YOU ARE HERE: LAT HomeCollections

The Nation

Heart medicine study to incorporate genetics

Doctors will adjust doses of a blood-clot treatment to match each patient's body chemistry.

January 21, 2007|Linda A. Johnson | Associated Press Writer

TRENTON, N.J. — Personalized medicine, the tailored treatments that a few patients get based on their own DNA, is finally headed for the masses: the many heart patients at risk of deadly blood clots.

At least 2 million Americans with an abnormal, clot-triggering heart rhythm take the pill warfarin, also sold as Coumadin.

Getting too little can lead to a stroke, and too much can cause life-threatening bleeding. To find the right dose for each patient, doctors use trial and error -- and the errors lead to tens of thousands of hospitalizations and deaths every year.

Starting this month, about 1,000 patients who have a condition known as atrial fibrillation will take part in a project that will match their Coumadin dose to their specific genetic needs.

This genetic fingerprinting should single out the many people whose bodies break down warfarin more quickly or slowly than normal. Then their doctors can adjust their dosage to prevent dangerous complications.

"Twenty to 30% of people are either very fast or very slow" to metabolize many drugs but don't know it, said Dr. Robert Epstein, chief medical officer at prescription benefit manager Medco Health Solutions of Franklin Lakes, N.J., which is collaborating in the effort with the Mayo Clinic.

Meanwhile, the federal government and researchers at Harvard University and elsewhere have begun or are planning similar studies.

Epstein and other experts say the warfarin projects make up the first broad use of personalized medicine, or targeted therapy, in which a person's genetic makeup is used to pick the best medicine or dose. This approach essentially adjusts for differences in body chemistry that explain why one pain reliever or allergy pill works for you but not for your mom.

"It's a big deal," said Edward Abrahams of the Personalized Medicine Coalition, which includes industry, government and patient advocacy groups as well as insurers and research centers. "Warfarin is a very widely used drug, it's been around for 50 years and it has all these adverse events associated with it."

If the warfarin studies are successful, patients will start demanding personalized medicine, he predicted. Insurers will too, if the Medco study proves it saves money and protects patients.

That's fairly likely, given Medco data showing that if patients have their warfarin dose changed more than once -- meaning doctors didn't get it right the first two tries -- their risk of being hospitalized for complications jumps from 20% to 31%.

Epstein said he had hit "a home run" with his pitch to get employers and insurance companies sponsoring the prescription plans to join the study.

"Everyone we've talked to unanimously was in," said Epstein, who expects the reduction in medical costs will be triple the test price of a few hundred dollars per patient.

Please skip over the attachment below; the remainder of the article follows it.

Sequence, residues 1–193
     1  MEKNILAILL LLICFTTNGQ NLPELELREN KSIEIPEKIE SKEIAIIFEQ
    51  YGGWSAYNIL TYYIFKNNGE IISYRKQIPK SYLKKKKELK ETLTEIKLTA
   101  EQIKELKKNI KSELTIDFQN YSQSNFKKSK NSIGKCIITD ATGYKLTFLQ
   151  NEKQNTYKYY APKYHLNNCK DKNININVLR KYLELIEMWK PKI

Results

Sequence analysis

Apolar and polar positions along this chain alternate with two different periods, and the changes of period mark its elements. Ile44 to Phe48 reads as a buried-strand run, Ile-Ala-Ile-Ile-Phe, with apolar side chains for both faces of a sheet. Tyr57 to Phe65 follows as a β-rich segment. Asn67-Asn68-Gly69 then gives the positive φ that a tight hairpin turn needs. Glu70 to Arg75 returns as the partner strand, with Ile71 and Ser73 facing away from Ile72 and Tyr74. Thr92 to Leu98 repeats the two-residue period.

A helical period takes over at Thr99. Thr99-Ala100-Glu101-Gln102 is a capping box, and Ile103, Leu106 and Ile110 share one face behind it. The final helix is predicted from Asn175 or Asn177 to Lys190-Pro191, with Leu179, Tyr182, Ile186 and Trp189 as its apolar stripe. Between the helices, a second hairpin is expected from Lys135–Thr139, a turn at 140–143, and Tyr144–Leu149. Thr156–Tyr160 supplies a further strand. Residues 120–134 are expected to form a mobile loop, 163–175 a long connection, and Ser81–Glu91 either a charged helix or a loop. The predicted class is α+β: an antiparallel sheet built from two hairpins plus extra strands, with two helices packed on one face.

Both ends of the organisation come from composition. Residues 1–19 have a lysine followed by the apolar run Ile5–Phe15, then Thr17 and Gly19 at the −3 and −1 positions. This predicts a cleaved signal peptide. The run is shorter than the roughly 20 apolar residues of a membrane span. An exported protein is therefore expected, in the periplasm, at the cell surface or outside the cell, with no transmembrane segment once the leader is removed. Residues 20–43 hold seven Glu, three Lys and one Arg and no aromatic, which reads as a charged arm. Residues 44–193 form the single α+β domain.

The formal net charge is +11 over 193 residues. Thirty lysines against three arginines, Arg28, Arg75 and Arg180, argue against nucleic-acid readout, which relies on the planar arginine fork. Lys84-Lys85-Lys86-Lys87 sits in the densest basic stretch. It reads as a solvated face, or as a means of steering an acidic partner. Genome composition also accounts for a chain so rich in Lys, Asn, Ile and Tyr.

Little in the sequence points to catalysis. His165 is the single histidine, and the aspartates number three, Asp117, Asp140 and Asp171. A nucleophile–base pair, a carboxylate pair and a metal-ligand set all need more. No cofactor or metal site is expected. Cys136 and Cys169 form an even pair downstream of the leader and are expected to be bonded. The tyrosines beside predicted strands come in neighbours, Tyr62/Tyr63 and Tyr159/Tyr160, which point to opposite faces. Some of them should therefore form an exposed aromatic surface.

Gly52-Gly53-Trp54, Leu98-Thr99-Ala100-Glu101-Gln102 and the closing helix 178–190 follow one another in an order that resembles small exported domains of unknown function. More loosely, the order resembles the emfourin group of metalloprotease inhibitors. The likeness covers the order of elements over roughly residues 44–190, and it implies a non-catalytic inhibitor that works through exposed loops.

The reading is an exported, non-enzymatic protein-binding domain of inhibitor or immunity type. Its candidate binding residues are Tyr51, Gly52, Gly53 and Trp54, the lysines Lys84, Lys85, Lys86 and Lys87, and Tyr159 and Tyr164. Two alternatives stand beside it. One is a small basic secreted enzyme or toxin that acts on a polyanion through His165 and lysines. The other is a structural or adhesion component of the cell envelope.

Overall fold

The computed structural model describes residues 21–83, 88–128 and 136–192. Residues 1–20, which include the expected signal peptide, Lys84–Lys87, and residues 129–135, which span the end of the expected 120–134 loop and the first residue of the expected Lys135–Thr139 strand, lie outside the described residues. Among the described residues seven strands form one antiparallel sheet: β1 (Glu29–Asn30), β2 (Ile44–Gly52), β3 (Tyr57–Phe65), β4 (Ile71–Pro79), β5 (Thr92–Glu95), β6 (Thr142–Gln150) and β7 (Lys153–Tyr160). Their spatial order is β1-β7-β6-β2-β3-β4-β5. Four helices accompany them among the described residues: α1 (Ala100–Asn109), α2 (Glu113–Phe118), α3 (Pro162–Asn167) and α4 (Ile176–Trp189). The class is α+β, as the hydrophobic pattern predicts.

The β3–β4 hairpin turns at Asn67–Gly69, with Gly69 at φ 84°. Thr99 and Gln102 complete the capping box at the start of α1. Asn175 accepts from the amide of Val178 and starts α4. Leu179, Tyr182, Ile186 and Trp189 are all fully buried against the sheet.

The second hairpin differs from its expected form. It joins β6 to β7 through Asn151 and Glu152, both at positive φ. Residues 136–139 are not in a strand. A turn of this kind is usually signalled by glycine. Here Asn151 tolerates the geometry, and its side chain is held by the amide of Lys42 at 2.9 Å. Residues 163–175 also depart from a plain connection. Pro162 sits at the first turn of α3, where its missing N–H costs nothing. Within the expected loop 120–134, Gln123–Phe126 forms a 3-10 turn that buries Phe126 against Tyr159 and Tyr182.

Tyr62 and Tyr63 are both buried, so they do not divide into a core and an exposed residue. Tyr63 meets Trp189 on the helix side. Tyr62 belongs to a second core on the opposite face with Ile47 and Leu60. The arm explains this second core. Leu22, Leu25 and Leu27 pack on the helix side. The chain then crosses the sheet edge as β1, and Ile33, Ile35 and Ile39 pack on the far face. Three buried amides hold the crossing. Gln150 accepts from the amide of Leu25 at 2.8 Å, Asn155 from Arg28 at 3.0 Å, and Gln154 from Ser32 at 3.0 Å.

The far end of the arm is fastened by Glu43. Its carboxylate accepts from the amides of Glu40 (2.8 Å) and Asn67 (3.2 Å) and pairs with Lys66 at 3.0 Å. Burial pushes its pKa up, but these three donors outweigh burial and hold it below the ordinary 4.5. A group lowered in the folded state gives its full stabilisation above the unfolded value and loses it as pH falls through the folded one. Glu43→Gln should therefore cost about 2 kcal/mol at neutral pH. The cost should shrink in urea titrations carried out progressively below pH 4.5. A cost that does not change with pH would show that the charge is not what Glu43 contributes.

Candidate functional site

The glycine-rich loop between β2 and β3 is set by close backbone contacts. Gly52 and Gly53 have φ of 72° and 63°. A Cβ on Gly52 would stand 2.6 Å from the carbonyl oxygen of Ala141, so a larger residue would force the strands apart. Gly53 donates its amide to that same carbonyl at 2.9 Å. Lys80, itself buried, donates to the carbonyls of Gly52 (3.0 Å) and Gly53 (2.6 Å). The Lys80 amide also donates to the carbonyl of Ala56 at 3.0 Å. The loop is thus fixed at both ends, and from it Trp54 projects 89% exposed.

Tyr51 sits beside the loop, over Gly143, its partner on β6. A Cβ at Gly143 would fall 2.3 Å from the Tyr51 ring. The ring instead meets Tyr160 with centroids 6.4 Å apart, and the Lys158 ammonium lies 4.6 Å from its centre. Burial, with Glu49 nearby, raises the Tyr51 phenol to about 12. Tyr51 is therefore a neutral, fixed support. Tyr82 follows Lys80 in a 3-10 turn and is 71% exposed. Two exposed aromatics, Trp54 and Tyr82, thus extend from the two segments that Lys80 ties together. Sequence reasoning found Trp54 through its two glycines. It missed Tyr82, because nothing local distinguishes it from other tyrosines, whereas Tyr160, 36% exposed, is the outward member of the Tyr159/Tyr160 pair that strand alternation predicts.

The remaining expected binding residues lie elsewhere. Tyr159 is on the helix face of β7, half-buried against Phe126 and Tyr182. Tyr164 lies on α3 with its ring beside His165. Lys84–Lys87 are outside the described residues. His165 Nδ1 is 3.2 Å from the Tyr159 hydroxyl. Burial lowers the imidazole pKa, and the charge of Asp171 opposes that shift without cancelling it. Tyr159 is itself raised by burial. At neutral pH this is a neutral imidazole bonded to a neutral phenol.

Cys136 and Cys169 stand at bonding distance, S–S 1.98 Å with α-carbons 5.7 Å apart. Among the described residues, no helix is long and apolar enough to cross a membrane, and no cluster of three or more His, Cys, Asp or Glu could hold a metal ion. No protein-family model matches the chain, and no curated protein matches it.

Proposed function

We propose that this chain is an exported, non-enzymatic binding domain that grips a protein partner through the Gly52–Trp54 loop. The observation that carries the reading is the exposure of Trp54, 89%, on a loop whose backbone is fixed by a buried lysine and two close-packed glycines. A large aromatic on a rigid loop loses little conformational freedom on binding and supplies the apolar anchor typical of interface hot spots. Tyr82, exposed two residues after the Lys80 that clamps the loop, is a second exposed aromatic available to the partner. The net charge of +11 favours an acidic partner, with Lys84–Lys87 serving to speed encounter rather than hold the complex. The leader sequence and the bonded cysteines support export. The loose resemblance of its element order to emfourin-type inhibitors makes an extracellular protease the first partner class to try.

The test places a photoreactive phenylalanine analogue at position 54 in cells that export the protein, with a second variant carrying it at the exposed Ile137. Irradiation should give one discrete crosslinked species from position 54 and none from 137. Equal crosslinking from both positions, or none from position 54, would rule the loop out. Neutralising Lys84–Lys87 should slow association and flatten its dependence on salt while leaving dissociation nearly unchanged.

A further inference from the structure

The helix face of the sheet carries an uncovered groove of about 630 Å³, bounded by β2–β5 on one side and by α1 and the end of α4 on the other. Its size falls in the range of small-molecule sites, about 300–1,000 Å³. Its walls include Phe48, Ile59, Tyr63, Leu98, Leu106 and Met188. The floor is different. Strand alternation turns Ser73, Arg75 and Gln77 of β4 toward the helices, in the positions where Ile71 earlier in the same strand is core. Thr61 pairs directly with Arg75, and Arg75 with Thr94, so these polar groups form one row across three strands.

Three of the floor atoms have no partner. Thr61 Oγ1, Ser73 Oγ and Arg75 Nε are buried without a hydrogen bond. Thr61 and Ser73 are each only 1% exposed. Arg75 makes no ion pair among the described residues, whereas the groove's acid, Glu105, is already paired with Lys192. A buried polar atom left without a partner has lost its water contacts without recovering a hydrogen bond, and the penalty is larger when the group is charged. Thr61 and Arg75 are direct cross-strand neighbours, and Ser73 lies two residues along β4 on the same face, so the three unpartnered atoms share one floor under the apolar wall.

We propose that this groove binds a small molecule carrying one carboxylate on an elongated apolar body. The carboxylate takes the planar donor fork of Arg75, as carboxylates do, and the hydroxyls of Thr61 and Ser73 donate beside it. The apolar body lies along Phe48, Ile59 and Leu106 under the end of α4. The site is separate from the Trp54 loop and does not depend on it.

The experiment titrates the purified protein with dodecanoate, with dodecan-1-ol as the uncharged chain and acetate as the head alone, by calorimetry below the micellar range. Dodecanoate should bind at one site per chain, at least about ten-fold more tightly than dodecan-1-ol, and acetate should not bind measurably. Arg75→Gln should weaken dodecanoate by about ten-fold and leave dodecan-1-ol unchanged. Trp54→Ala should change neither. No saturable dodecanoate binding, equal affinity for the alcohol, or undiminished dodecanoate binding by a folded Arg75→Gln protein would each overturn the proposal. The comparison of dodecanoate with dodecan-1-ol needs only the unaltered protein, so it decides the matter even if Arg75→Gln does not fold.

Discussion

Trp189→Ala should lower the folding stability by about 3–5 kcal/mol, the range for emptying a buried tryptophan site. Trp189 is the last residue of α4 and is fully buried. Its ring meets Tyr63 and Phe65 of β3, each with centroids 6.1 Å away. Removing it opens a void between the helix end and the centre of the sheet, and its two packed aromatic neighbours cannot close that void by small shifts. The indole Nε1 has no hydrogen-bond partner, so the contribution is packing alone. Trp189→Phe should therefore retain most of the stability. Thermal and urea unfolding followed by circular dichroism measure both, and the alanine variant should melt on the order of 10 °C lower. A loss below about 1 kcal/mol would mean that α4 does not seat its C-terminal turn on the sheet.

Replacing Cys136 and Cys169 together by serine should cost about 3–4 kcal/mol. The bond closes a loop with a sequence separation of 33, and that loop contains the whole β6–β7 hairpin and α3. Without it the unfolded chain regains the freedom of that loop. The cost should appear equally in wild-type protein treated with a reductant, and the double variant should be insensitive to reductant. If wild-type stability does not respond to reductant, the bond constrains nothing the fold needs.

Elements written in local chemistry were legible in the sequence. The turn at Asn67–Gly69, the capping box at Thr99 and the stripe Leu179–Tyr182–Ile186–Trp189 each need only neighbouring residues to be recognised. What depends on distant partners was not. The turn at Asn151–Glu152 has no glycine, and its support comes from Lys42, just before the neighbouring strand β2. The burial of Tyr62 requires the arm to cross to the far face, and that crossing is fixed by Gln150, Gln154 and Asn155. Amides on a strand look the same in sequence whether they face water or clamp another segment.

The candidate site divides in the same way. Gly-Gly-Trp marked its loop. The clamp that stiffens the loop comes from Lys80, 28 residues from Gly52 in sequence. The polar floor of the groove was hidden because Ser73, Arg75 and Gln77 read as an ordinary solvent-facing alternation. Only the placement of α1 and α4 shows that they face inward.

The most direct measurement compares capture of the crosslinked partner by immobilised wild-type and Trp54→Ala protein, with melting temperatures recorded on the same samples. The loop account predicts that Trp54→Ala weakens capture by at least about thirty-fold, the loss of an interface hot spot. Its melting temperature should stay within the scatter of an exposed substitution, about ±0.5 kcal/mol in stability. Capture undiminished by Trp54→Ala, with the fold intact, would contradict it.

He said a couple dozen companies already were developing commercial tests for variations in the two genes crucial in warfarin dosing, the ones in the new studies. But sales have been slow for the only government-approved testing device, Roche's Amplichip, which covers numerous gene variations.

A November report by the American Enterprise Institute-Brookings Joint Center predicts that using genetic information to prescribe warfarin would save an estimated $1.1 billion in U.S. healthcare spending each year and prevent about 17,000 strokes and 85,000 serious bleeding incidents.

Bleeding complications alone kill about 8,000 people a year and are the No. 2 reason for medication-related ER visits, said Dr. Elizabeth Nabel, director of the National Heart, Lung, and Blood Institute. Still, warfarin is far better at preventing clots than aspirin or drugs like Plavix, which only affect part of the clotting system, she said.

But patients on warfarin must have blood drawn and tested repeatedly to see if it clots too quickly or too slowly, initially every week or more often.

"Most hospitals have a warfarin clinic, where people come in for adjustments," she said.

So, along with the Food and Drug Administration, her institute plans one or two large studies on personalizing warfarin dosing. The FDA also is poised to alter the package insert for warfarin to note that gene variations in some patients mean they need a lower dose than normal.

Meanwhile, five Harvard Medical School teaching hospitals just began a study including 500 warfarin patients to try to boost the percentage getting the optimal dose. About 60% do now, said Dr. Samuel Goldhaber, a Harvard cardiologist.

And in the one-year Medco project, DNA from more than 1,000 patients' blood samples will be shipped to the Mayo Clinic, which will do the genetic testing and send the results directly to the patient's doctor. Medco, which manages prescription benefits for one in five Americans, plans to use the results to speed up adoption of the strategy, according to Epstein.

The studies will produce different but complementary information that can be pooled for a total picture, Goldhaber said.

Dr. Franklyn Prendergast, director of Mayo's Center for Individualized Medicine, cautioned against assuming the results will be positive, because blood-clotting is a complicated process.

Los Angeles Times Articles